Capillary Action

Capillary Action (Lat. capillus, a hair), a manifestation of the force of adhesion shown by the movement of a fluid uppn a solid surface placed partly within the fluid. It is called capillary because it is most striking on the inside of very small (capillary or hair-like) tubes. If the solid can be wet by the fluid, the fluid will rise in the tube, or on any surface, as water on glass or wood. If the solid cannot be wet by the fluid, the fluid will be depressed in the tube, as quicksilver is depressed in a glass tube. Capillary action has been investigated with great care, both by experiment and calculation, but its interest is chiefly theoretical, its practical uses and laws being obvious. - See Laplace's Mecanique celeste, vol. iii.


Capitanata, province of Italy. See Foggia.

Capitoline Games

Capitoline Games (ludi Capitolini), annual games instituted on the suggestion of Camillus, 387 B. C, in honor of Jupiter Capitolinus, and in commemoration of the preservation of the Capitol from the Gauls. One of the amusements at these games was to offer the Sardiani for sale by auction. These Sardiani are by some supposed to have been Sardinians, and by others Veiians. The games fell into disuse, and were revived by Nero, who modelled them after the Olympic games, and endeavored to introduce a new method of computation of time, reckoned, like the Olympiads of Hellenic chronology, from the quinquennial celebration of the ludi Capitolini.


Capiz, a town of the Philippine islands, capital of a province of the same name in the island of Panay, situated in a plain near the sea, and surrounded by three rivers, the Panay, Panitan, and Ivisan; pop. 12,000. Some of the houses are constructed of stone, others of nipa palm. The town is defended by a small fort and garrison; it is sometimes inundated in the rainy season. The inhabitants divide their attention between commerce and fishing.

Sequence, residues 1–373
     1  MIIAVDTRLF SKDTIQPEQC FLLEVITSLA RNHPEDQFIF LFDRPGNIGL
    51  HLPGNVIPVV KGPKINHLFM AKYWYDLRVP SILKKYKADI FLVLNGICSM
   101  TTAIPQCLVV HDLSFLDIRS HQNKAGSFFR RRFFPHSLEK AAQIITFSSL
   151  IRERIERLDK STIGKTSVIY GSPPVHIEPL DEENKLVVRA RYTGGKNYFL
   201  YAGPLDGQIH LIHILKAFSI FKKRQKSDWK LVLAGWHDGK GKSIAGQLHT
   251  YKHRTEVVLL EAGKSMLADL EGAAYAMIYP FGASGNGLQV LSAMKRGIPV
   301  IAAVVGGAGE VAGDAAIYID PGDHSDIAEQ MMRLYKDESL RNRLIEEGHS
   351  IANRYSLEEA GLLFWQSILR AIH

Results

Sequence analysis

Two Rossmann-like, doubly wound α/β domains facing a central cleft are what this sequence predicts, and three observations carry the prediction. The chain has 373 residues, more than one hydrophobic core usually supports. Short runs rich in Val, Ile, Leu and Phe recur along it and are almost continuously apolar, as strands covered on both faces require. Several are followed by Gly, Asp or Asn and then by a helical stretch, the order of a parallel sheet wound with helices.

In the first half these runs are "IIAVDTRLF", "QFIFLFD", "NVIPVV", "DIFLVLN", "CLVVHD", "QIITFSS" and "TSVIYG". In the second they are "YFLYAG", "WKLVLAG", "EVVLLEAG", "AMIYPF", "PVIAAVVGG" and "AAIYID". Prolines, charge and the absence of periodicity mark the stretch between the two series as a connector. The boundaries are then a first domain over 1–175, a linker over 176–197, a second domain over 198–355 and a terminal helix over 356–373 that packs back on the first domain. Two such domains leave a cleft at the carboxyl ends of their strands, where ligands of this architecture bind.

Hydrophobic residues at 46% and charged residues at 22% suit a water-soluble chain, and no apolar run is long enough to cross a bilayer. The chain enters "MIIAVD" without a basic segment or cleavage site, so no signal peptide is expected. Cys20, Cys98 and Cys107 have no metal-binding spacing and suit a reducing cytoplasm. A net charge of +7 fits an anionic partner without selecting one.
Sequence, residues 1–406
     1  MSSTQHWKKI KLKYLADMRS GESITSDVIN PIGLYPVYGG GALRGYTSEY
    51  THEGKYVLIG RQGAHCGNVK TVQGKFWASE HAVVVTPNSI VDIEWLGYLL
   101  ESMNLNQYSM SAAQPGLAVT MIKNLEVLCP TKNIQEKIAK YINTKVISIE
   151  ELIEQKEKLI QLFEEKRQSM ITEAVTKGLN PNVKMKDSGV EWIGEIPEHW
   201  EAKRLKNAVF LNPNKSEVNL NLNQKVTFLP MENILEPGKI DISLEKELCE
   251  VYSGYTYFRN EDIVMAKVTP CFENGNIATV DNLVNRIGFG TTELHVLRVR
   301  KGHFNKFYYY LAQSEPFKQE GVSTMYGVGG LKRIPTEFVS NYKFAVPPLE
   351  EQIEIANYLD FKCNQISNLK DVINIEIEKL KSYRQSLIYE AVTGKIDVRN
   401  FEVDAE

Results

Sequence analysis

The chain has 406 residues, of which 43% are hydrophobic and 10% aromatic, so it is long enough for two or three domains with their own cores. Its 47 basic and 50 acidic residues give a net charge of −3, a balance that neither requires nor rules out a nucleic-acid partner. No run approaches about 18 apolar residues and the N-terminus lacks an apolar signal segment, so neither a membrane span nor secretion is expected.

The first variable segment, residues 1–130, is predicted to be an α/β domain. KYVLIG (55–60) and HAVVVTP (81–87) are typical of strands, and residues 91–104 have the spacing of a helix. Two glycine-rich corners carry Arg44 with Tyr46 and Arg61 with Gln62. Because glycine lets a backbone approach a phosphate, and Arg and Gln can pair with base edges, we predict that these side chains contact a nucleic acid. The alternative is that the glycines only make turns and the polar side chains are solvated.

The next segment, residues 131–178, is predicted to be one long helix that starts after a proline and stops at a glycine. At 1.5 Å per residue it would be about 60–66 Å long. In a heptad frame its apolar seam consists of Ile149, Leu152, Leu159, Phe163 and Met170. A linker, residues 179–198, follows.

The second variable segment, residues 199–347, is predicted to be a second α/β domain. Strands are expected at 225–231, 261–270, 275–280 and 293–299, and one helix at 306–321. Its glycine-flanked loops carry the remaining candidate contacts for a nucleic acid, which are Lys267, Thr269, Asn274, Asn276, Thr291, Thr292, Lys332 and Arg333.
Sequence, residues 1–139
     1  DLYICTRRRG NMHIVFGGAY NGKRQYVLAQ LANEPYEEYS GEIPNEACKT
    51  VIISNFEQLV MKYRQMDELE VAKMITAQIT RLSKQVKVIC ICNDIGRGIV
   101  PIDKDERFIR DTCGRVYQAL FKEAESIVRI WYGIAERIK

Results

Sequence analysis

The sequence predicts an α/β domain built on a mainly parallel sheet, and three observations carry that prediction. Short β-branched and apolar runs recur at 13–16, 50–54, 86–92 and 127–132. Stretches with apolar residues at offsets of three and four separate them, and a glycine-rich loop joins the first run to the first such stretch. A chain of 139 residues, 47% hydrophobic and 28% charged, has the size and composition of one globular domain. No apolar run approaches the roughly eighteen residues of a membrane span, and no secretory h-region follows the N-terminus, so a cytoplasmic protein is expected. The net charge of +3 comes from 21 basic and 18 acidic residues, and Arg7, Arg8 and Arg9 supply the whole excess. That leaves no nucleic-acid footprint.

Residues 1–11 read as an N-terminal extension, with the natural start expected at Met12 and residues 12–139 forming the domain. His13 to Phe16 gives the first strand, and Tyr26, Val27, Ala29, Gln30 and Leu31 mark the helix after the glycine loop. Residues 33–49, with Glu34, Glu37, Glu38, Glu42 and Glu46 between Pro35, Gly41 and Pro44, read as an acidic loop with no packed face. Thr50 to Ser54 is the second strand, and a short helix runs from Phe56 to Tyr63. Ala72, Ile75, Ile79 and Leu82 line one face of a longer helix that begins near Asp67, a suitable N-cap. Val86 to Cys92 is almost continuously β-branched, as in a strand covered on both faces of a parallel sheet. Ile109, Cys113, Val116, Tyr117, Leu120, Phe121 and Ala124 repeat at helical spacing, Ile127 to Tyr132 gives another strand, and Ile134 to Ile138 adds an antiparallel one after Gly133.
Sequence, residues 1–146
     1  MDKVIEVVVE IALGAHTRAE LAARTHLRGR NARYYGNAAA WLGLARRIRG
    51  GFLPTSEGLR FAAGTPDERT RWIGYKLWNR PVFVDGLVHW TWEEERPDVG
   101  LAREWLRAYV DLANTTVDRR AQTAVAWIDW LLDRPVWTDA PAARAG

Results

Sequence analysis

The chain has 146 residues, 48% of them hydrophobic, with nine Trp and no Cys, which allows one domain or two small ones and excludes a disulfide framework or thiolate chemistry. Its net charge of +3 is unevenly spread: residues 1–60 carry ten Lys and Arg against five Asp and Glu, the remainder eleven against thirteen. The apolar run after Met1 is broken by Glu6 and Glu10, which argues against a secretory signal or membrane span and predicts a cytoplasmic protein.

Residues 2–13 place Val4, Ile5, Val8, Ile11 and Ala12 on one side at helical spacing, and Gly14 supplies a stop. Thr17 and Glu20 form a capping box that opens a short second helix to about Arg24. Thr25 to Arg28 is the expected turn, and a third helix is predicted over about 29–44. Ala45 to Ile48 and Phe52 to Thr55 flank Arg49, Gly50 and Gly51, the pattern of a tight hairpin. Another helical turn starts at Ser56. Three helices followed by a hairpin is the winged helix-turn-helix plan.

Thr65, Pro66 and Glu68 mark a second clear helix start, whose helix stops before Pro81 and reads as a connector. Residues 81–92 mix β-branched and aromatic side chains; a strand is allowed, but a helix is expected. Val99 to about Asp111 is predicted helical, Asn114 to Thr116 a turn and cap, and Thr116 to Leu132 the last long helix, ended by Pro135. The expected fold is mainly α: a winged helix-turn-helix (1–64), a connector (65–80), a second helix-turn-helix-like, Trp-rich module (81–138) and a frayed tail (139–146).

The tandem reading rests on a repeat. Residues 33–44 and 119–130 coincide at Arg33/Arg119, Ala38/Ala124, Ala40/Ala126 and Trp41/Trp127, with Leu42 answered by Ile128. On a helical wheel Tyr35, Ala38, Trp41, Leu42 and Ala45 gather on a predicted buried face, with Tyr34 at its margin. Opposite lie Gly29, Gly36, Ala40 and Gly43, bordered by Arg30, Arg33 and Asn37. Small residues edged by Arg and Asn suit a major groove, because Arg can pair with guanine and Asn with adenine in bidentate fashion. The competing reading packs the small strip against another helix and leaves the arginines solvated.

Capraja (anc. Capraria and AEgilon), a small volcanic island of the Mediterranean, between the N. point of Corsica and the coast of Tuscany. It is about 15 m. in circumference; its surface is generally mountainous, and its principal product is wine. Wild goats still abound in the mountains. It has a town of its own name, with a safe harbor. In 1507 the island was taken from Corsica by the Genoese, and it is now a part of the province of Genoa.


Caprera, a small island in the Mediterranean, lying off the N. E. coast of Sardinia, and belonging to the province of Sassari. It contains about 6,700 acres, and is notable for having been for some years the residence of Garibaldi.


Capricorn (Lat. capricornns, from caper, a goat, and cornu, a horn), a zodiacal constellation represented by a goat, or a figure half goat and half fish. Capricorn is believed to represent the form which poets say Pan assumed when, to escape Typhon, he sprang into the Nile. It is the tenth sign of the zodiac, and stands after Sagittarius and before Aquarius. The sun enters it on Dec. 21, when our winter solstice takes place. But the precession of the equinoxes has moved the constellations about 30°, and the constellation Capricorn is not now in the sign of the same name, but in that of Aquarius. - The tropic of Capricorn is the southern of the two small circles which pass through the solstitial points at a distance of 23° 28' 30" from the equator, and so called because it is apparently described when the sun seems to enter the sign Capricorn.